1 Corinthians 13:12
For now we see through a glass, darkly; but then face to face: now I know in part; but then shall I know even as also I am known.
Then shall I know even as also I am known. Better read, "I was known," i.e. known or apprehended of Christ. St. Paul's thought appears to be that soul culture brings the true, full knowledge and power. A man knows only in the measure of the progress of the work of Divine grace in him; and what we may call perfect knowledge can only come when we are ourselves morally perfected, wholly sanctified, through the grace that is in Christ Jesus. Two points claim consideration.
I. THE NATURE AND LIMITATIONS OF MAN'S PRESENT KNOWLEDGE. It is dependent on our senses. Show that this means that our knowledge is limited to the spheres with which our senses stand related. Even transcendent and so called supernatural things cannot be conceived until set under sensible forms and figures. We can only transcend nature by the help of nature. The senses limit even the imagination. It may be shown that God's world is set ready for just the creatures he has put in it; and if any other than the sensible world is to be opened to us, we must be changed, renewed, regenerated, and so new sensibilities and capacities must be given and developed. Illustrate that the world of science is the proper sphere for men who have only senses and intellect. It is a vast sphere, a wonderful sphere, but only a limited sphere; and since researches or observations within it are dependent on the frailty of the instruments used, no absolute truth of science can ever be obtained. Illustrate from the observations of astronomers. No conclusion can be affirmed with absolute certainty because the disturbing conditions of the atmosphere can never be perfectly estimated in connection with any experiment. Then add to this frailty of the senses the influence of sin on man when his attention is directed to moral questions. No man can hope, of himself, to attain the perfect moral truth. Illustrate from the sadly mixed systems of all the great classical or modern moralists, and plead that the key to all truth is the vision of God which comes with the soul's conversion and regeneration. Here on earth a man knows nothing aright until he knows God, as manifested in the person of his Son.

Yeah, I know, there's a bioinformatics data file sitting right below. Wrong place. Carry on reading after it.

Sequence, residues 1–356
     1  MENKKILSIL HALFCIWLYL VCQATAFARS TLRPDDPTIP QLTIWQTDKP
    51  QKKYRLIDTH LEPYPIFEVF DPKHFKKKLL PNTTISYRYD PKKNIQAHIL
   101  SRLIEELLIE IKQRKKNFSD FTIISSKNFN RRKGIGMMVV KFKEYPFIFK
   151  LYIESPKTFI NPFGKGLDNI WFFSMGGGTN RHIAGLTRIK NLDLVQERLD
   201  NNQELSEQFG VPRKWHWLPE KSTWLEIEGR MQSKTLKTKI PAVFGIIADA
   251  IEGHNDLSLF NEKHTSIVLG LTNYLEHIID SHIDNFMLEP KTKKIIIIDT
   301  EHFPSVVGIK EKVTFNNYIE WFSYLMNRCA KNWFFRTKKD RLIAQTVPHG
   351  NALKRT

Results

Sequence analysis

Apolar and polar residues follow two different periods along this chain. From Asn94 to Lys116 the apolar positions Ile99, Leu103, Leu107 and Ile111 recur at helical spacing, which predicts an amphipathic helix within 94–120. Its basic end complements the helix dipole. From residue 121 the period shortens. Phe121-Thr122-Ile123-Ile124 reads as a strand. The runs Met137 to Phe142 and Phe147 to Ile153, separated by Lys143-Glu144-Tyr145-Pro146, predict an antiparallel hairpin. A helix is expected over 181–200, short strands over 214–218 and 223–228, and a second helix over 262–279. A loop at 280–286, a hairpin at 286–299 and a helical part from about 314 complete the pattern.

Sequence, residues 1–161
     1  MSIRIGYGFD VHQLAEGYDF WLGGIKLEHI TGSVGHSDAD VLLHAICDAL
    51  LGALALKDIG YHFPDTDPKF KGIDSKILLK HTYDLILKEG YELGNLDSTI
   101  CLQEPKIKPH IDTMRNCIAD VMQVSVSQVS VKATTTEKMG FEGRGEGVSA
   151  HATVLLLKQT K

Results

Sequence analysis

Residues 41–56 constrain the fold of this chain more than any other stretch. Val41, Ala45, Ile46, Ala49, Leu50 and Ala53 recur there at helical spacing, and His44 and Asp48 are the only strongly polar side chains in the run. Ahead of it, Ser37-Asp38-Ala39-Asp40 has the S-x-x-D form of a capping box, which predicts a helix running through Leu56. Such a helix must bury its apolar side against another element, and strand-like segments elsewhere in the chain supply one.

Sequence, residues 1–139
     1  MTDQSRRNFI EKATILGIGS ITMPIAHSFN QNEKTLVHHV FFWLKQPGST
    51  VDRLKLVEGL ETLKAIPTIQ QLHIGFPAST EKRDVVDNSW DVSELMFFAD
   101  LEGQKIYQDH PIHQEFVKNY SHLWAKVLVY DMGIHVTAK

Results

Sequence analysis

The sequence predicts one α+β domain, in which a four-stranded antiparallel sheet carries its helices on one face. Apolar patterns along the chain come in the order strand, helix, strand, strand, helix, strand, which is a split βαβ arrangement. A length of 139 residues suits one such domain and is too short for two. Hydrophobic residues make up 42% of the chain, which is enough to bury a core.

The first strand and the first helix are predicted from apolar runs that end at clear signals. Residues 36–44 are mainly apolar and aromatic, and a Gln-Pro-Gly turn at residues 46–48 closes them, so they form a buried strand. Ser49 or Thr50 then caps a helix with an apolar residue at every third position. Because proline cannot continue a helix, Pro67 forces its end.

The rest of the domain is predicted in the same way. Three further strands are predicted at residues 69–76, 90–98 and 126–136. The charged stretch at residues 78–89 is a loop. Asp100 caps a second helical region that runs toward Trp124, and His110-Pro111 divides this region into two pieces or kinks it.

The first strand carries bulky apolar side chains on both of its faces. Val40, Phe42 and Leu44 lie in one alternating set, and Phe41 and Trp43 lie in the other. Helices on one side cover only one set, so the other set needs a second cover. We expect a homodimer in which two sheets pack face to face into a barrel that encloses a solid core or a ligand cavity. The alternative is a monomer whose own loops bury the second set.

II. THE NATURE AND LIMITATIONS OF MAN'S FUTURE KNOWLEDGE. It will not be imprisoned in sense forms or figures. It will come by soul faculties, of which our bodily senses are but suggestive types. It will come out of new spheres and new relations. It will take new thought forms. It will replace observation by insight, so it will need no verification. It will bear relation to moral character, and not to intellectual endowments. It will be the apprehension men may gain, when the blinding influence of sin and self love are wholly passed away, and spiritual insight has no clouds or veils to pierce through. But man's future knowledge, however wonderful it may be, must still be limited, forever it can but be the knowledge of a created being. He can never know God, never know more than God may be pleased to reveal of himself and of his ways. - R.T.
Parallel VersesKJV: For now we see through a glass, darkly; but then face to face: now I know in part; but then shall I know even as also I am known.